But exposing this myth is only a part of Schama’s project: having knocked American liberty off its pedestal, he wants to install British freedom in its place. Rough Crossings presents Britain as the ‘deliverer’ of African Americans in the Revolutionary era, and produces three episodes to sustain this unusual argument. First, in the years before the American Revolution, British anti-slavery campaigners worked to free black slaves in England who had been brought back from the Caribbean by their masters. These efforts culminated in the Somerset decision of 1772, a legal circumlocution which may not actually have ended slavery but which persuaded a good many people – planters included – that it had done. During the Revolution itself, the loyal British governor of Virginia, the Earl of Dunmore, offered the slaves of Patriot farmers freedom in return for military service. Dunmore’s strategy was taken up by other British commanders, and thousands of African Americans secured their liberty before the war’s conclusion. Finally, in the post-Revolutionary period, the British evacuated freed slaves as well as whites to Canada, the Caribbean and even to Britain. When some black Loyalists experienced hardship in their new surroundings – especially in crowded London and in the harsh climate of Nova Scotia – British philanthropists created the colony of Sierra Leone. Schama’s three examples offer a clear contrast with the new United States. While Britain was abolishing slavery at home, freeing slaves in the Revolutionary War and providing ‘a meaningful degree of local law and self-government’ in Sierra Leone, Americans were building a new republic that protected Southern slavery and marginalised free blacks in the Northern states.

Did Britain do a much better job than America of advancing black freedom between 1770 and 1800? British and American anti-slavery campaigners faced very different situations. In 1787 – when Americans drafted their constitution, and British philanthropists dispatched the first settlers to Sierra Leone – there were perhaps 15,000 black people in Britain, out of a population of nearly 10 million. In the United States, around 750,000 black people (90 per cent of them slaves) lived alongside three million or so whites. In other words, almost 20 per cent of the American population was black, and just 0.15 per cent of the British population. In Britain, slavery was a moral and an economic problem: by the 1780s, the moral argument against slavery had largely been won, and so anti-slavery campaigners could attack the economic argument that West Indian plantations were essential to the success of the British Empire. In America, by contrast, slavery was a political and social problem. What would happen if more than half a million slaves were suddenly freed? The received wisdom of many observers in the early republic, from Jefferson to Tocqueville, was that blacks and whites would engage in a genocidal war.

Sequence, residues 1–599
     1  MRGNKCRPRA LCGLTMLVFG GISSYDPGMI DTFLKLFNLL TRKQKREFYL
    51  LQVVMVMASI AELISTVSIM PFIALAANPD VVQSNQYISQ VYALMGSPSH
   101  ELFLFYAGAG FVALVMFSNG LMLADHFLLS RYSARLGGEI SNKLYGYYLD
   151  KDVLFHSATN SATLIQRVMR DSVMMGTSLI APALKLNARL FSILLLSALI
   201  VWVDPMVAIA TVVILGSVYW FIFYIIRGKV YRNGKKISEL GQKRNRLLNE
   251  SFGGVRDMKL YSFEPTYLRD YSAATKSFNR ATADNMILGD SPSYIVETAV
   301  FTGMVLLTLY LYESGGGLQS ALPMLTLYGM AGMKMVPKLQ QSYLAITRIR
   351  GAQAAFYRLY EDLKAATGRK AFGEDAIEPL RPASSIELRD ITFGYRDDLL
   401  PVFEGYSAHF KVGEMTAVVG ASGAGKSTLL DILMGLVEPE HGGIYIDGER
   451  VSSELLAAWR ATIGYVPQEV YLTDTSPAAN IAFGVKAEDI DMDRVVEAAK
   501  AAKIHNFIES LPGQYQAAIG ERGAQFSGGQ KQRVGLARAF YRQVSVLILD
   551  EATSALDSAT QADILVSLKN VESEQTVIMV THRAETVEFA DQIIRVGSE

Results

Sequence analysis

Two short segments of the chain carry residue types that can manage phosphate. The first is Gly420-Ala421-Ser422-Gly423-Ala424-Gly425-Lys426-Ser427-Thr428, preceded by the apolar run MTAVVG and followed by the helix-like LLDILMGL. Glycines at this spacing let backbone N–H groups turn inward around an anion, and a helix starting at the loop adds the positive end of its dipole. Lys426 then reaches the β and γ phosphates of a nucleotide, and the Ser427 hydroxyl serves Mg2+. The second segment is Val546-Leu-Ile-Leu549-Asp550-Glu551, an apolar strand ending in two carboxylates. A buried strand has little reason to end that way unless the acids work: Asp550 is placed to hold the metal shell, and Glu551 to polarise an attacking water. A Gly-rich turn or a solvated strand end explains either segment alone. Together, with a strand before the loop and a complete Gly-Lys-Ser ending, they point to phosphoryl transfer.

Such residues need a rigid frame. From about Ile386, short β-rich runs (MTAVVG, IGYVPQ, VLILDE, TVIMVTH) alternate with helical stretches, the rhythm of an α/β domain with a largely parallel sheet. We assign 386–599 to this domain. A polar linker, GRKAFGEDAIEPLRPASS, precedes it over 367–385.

Before the Abolition Act of 1833, Britain had managed to externalise the social dangers of slavery while retaining the profits. British ships dominated the slave trade in the 18th century, and slave-produced sugar anchored the British economy from the 1640s until at least 1815. Even the planters of the Caribbean opted for absentee ownership, distancing themselves from the social consequences of their avarice. The American plantocracy, by contrast, enjoyed the benefits of slavery in uncomfortable proximity to its black victims. Schama overlooks the divergent contexts of slavery in the Atlantic world, and tells a simpler story of British vision and courage against American foot-dragging.

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[*] A Nation under Our Feet: Black Political Struggles in the Rural South from Slavery to the Great Migration (Harvard, 624 pp., £12.95, April 2005, 0 674 01765 x).

[†] In Black Experience and the Empire, edited by Philip Morgan and Sean Hawkins (Oxford, 432 pp., £15.99, May, 0 19 929067 9).